How many embryos should be transferred?

I know you can’t see me from where you reading this (or, I hope not; I’m most likely in my pajamas as I type!) but today I am clapping in glee.  I love to talk about how many embryos should be transferred!  [Think I’m being sarcastic?  Ask me sometime and see how long it takes before you try to politely excuse yourself because I won’t stop talking.]  For those whose eyes are already glazing over from boredom, unfortunately, the short answer is: there are no simple answers.

Does Maternal Age Matter?

Most women who have had a baby or are trying to have one know about the dreaded “Advanced Maternal Age” label.  It kicks in at 35 years old, when, truthfully, most of us feel pretty great and not old at all.  In some ways science backs up our youthful feelings.  While our *eggs* might be considered out to pasture past 35, the uterus still has a few good years left before heading over the hill.   Transferring multiple embryos doesn’t actually increase your chance of IVF success until the age of 38 because generally a healthy uterus is in tip-top shape up until then.  A more important consideration when weighing how many embryos to transfer in the case of a carrier who is 38 or older would be to look to the age of the woman who the eggs were collected from.

Fresh vs. Frozen?

This is an area where the knowledge base is evolving rapidly.  It used to be that fresh transfers were the gold standard and had much higher success rates.  As technology has evolved and vitrification (freezing) techniques have improved, the frozen transfer rates have steadily caught up.  There are many theories for this, including the thought that a frozen transfer allows better control of the uterine environment before transfer, thus allowing doctors to wait to transfer until the environment is most receptive for implantation; as opposed to with fresh cycles where when the uterine time is right the embryos must be ready to go (or, vice-versa – if the embryos are ready, throw them in no matter what the uterus looks like and cross your fingers – and legs)!  A frozen transfer, especially in the case of a woman where her own embryos are being re-implanted in her own body, also allows the body to recover and rest from the strain of egg stimulation and retrieval.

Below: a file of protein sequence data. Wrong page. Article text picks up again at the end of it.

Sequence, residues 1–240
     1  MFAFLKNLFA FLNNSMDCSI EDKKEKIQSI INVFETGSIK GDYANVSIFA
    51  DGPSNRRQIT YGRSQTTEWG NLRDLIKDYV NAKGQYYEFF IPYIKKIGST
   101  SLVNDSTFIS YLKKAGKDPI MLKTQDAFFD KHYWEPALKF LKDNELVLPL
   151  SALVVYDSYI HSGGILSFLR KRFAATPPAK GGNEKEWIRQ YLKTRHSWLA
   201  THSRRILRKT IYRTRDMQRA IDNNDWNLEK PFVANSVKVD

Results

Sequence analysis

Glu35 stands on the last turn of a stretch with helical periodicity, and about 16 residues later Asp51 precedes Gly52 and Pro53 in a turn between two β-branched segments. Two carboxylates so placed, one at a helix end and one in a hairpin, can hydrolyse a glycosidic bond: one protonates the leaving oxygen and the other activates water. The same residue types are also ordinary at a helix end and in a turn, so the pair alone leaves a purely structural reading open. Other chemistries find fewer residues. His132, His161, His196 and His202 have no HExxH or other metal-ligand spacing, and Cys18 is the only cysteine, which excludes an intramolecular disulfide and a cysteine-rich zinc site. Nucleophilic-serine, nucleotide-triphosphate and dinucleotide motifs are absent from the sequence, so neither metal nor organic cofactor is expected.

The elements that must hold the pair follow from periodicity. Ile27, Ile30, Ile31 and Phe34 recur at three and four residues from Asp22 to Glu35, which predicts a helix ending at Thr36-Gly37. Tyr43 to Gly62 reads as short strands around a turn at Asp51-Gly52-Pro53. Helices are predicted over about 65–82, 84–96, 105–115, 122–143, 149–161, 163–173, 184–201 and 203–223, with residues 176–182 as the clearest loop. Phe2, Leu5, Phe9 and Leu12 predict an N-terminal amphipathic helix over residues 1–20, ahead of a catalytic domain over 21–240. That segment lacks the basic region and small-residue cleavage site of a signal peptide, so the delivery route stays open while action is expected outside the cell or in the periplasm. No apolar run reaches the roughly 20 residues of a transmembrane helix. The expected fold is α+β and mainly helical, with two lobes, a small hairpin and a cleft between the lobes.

How about PGD?

Pre Genetic Diagnostics (PGD) is one of my favorite technological advances out there!  I am definitely sensitive that some people do not like it and refuse to use it; and that is their choice.  That said, a good number of times that an embryo fails to implant or a woman miscarries, it is most likely because there was something wrong with the embryo and the embryo was not going to survive no matter how favourable the uterine environment provided.  PGD allows intended parents to move forward with only the embryos that actually have the best chance of surviving; there is a definite proven increase in success rates when it is used.  IVF is expensive and can be heartbreaking enough; it makes sense to do everything in your power to increase the chances of success.  [If you don’t want to feel responsible for things such as gender selection, you can ask the clinic to not disclose those things to you and select solely based on the embryo number and grading system!]

What if I Transfer Multiple Embryos?

This is the big question.  Interestingly, the results are not always what you would logically think.  A recent study published in the UK  found that if two embryos of unequal quality were implanted (ie, one is good or very good and the other poor), there was actually a 27% *decrease* in the chance that implantation would occur.  More isn’t always better.  Sometimes more is just more.  Additionally, if you do transfer multiple embryos and more than one implant you are looking at a tough decision between selective reduction and higher order multiples.  Multiples carry much greater medical risk for the mother or gestational carrier and are far more likely to be born pre-term, which can leave them with a host of lifetime medical problems; or at the very least a very hefty hospital bill to start off with!

The decision as to how many embryos to implant can’t be decided by proxy over the internet.  It takes careful consideration in consultation with your reproductive endocrinologist, research and a lot of deep thought as to your risk (and financial) tolerance.  No matter what number of embryos you choose to implant, I’m sending sticky thoughts your way!

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